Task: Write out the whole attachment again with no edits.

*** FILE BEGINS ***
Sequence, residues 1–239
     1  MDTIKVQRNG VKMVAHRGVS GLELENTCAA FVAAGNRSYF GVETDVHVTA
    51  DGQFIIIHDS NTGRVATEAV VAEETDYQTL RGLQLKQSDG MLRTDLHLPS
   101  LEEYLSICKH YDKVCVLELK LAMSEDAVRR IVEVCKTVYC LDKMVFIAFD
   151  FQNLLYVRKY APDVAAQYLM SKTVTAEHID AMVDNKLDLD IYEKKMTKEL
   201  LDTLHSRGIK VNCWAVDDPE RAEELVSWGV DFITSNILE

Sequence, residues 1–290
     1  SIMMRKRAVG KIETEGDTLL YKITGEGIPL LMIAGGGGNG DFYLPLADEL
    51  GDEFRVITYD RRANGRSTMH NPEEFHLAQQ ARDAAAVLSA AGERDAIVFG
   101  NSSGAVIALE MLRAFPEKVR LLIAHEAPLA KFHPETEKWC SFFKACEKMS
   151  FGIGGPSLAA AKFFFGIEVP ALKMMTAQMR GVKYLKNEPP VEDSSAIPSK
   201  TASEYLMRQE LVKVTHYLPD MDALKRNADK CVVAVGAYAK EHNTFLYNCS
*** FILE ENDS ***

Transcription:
Sequence, residues 1–239
     1  MDTIKVQRNG VKMVAHRGVS GLELENTCAA FVAAGNRSYF GVETDVHVTA
    51  DGQFIIIHDS NTGRVATEAV VAEETDYQTL RGLQLKQSDG MLRTDLHLPS
   101  LEEYLSICKH YDKVCVLELK LAMSEDAVRR IVEVCKTVYC LDKMVFIAFD
   151  FQNLLYVRKY APDVAAQYLM SKTVTAEHID AMVDNKLDLD IYEKKMTKEL
   201  LDTLHSRGIK VNCWAVDDPE RAEELVSWGV DFITSNILE

Sequence, residues 1–290
     1  SIMMRKRAVG KIETEGDTLL YKITGEGIPL LMIAGGGGNG DFYLPLADEL
    51  GDEFRVITYD RRANGRSTMH NPEEFHLAQQ ARDAAAVLSA AGERDAIVFG
   101  NSSGAVIALE MLRAFPEKVR LLIAHEAPLA KFHPETEKWC SFFKACEKMS
   151  FGIGGPSLAA AKFFFGIEVP ALKMMTAQMR GVKYLKNEPP VEDSSAIPSK
   201  TASEYLMRQE LVKVTHYLPD MDALKRNADK CVVAVGAYAK EHNTFLYNCS